The year is 1911 when twenty-year-old heiress Peggy Batternberg is invited to spend the summer in America’s Playground.
The invitation to Coney Island is unwelcome. Despite hailing from one of America’s richest families, Peggy would much rather spend the summer working at the Moonrise Bookstore than keeping up appearances with New York City socialites and her snobbish, controlling family.
But soon it transpires that the hedonism of Coney Island affords Peggy the freedom she has been yearning for, and it’s not long before she finds herself in love with a troubled pier-side artist of humble means, whom the Batternberg patriarchs would surely disapprove of.
Disapprove they may, but hidden behind their pomposity lurks a web of deceit, betrayal, and deadly secrets. And as bodies begin to mount up amidst the sweltering clamor of Coney Island, it seems the powerful Batternbergs can get away with anything… even murder.
Extravagant, intoxicating, and thumping with suspense, bestselling Nancy Bilyeau’s magnificent Dreamland is a story of corruption, class, and dangerous obsession.
I have many feelings about this book. Most of them are possitive luckily so I’ll start with them. I loved loved loved looooved the era and setting. 1911, New York City, Coney Island. It can’t get any better than that for me. I absolutely love reading about the early 1900’s. And I thought that the author really captured the essence of it, especially the contrasting differences of the often corrupt ruling class versus the much lower classes. She really wrote that splendidly.
Although overall not the most likable character, I did enjoy reading about Peggy Batternberg, a 20 year-old heiress, for the most part. She was kinda the misfit of the family, prefering to work at a bookstore. Which is something I can totally understand, of course. And I’ve always been a sucker for misfit characters. In the story she was basically forced to leave her bookstore job and spend the summer with her family at a hotel near the beach. She agrees so it, but reluctantly so. Once at the hotel, dead women are found on the beach and Peggy unwittingly becomes involved in it all when the man she falls for gets arrested for the murders.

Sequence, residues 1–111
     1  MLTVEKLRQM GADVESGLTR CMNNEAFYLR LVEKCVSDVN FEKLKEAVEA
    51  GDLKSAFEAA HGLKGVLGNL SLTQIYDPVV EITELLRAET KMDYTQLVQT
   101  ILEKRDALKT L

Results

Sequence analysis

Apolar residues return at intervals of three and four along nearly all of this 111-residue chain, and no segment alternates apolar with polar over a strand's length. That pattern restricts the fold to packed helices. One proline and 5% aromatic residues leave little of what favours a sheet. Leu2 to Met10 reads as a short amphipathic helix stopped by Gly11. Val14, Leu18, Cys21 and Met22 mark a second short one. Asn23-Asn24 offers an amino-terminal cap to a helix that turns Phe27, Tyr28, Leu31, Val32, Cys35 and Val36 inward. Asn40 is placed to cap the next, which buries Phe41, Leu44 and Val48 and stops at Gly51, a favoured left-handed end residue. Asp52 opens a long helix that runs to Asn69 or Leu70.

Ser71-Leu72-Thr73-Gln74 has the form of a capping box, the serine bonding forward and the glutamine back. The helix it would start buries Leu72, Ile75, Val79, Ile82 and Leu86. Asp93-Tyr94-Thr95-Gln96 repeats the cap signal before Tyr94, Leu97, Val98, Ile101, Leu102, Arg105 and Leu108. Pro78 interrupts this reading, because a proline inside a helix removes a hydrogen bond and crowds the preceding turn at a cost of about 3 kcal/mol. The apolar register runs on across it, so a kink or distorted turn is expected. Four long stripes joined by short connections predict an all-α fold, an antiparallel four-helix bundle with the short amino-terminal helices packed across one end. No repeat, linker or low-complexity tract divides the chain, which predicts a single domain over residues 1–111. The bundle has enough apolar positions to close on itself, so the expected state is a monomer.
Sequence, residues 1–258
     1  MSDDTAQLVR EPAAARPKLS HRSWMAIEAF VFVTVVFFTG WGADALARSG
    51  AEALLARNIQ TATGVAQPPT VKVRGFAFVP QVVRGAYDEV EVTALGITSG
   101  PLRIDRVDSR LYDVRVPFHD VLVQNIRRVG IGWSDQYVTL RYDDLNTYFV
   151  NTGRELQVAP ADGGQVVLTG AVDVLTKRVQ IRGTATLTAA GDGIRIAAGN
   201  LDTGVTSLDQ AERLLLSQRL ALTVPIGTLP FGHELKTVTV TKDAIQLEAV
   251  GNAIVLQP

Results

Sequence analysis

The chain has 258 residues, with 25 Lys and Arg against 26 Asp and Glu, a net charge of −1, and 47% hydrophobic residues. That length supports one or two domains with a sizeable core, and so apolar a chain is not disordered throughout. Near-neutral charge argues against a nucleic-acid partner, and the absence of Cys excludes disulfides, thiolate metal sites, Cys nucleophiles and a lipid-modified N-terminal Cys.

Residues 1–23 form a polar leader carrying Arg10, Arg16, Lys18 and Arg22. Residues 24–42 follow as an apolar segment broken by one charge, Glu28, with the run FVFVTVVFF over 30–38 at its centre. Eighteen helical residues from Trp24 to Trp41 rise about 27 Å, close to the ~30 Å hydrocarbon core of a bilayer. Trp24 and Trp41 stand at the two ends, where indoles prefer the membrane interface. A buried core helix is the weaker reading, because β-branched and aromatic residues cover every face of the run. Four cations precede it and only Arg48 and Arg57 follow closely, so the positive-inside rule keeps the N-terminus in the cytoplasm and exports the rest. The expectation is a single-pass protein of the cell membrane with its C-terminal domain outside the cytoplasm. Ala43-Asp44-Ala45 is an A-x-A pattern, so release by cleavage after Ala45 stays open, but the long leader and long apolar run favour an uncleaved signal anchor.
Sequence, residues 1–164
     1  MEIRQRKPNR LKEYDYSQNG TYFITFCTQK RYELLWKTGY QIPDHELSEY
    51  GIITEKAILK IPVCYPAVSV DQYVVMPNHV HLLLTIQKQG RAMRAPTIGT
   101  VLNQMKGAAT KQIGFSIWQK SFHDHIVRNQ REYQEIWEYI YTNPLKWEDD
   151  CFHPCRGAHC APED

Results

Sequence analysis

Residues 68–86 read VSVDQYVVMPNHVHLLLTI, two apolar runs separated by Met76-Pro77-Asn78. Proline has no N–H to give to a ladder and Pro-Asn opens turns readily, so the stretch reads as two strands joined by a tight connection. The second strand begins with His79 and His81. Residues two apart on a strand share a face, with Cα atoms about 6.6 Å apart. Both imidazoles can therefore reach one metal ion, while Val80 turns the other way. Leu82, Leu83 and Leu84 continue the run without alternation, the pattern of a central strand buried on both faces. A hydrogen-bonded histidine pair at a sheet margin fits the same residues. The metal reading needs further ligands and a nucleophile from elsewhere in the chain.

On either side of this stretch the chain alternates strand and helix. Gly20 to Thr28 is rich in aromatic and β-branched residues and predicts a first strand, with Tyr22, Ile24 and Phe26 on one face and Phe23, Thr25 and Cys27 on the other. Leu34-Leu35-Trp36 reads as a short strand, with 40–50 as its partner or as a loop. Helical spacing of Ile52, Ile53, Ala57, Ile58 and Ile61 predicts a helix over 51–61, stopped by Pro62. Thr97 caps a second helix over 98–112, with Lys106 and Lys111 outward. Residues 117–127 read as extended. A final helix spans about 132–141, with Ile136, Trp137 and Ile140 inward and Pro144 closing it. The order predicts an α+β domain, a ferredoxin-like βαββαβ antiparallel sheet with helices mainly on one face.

Now the not so good things. I really did enjoy the story for the most part but the last 40% or so were a little less interesting to me. I liked reading about Peggy, but sometimes I also wanted to strangle her for her lack of communication, especially towards her sister Lydia. Also towards the end the story became quite tangled too much. A lot at once seemed to be happening, maybe a little too much and my attention was getting a little lost in it all. I had wished that the identity of the killer had been more of a surprise. I wanted it to be someone unexpected but it wasn’t unfortunately. I also was a little disappointed by the ending in general, I must say.
But again I want to point out that for most of the book I was really into the story and enjoyed the various characters and of course the setting of Coney Island was very magical indeed. I also thought that a lot of the topics in the book are very relevant. For example the prejudice against immigrants was a big theme in this book and obviously that’s still relevant to today time and age. I just wanted to mention this because I think it’s something really important. So overall this book was good but not quite good enough for me to give it four stars. I’ve kind of been going back and forth about the rating but now I’ve settled on 3.5/5★
About the author:
Nancy Bilyeau was born in Chicago, Illinois, and grew up in Michigan. She studied English literature and American history at the University of Michigan, earning a bachelor’s degree, before moving to New York City to work in the magazine business. She was a staff editor at Rolling Stone, Entertainment Weekly, Good Housekeeping and InStyle.
In 2010 she sold her first novel, The Crown, to the Touchstone imprint of Simon & Schuster. A thriller set in Tudor England, it was an Oprah magazine pick and nominated for the Crime Writers Association’s Ellis Peters Historical Dagger Award. She wrote two more books featuring the same main character, a Dominican novice named Joanna Stafford.
With her fourth novel, a standalone thriller set in the 18th century art world titled The Blue, she told a story of espionage and obsession with the most beautiful color in the world. In creating Genevieve, the Huguenot artist who goes undercover in a porcelain factor, she drew on her own background. Nancy is descended French Huguenot Pierre Billiou, who came to what was then New Amsterdam in 1665 and built a stone house on Staten Island. It’s the third oldest house in New York State.
Nancy is now turning her writing talent to creating novels set in the New York City of the past. For her fifth novel, Dreamland, she spent time in Coney Island and was assisted by the staff at the Coney Island Museum. She also did research at the New York Public Library, the New York Historical Society, the Museum of the City of New York, and the Brooklyn Historical Society.
Her novella, The Ghost of Madison Avenue, is also set in the New York City of the 1910s, with an Irish American widow who solves a mystery at J.P. Morgan’s sumptuous private library.
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